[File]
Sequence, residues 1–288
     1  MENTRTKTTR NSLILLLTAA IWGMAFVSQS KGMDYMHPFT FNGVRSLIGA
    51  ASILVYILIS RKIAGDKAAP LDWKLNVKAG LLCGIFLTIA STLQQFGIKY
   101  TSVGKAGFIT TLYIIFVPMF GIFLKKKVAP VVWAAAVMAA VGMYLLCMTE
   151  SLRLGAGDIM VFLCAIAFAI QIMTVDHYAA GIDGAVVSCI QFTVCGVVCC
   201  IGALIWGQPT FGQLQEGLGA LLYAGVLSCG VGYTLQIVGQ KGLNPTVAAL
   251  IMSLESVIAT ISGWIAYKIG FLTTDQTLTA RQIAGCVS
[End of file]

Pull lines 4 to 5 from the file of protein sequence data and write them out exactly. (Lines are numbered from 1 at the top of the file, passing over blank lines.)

   101  TSVGKAGFIT TLYIIFVPMF GIFLKKKVAP VVWAAAVMAA VGMYLLCMTE
   151  SLRLGAGDIM VFLCAIAFAI QIMTVDHYAA GIDGAVVSCI QFTVCGVVCC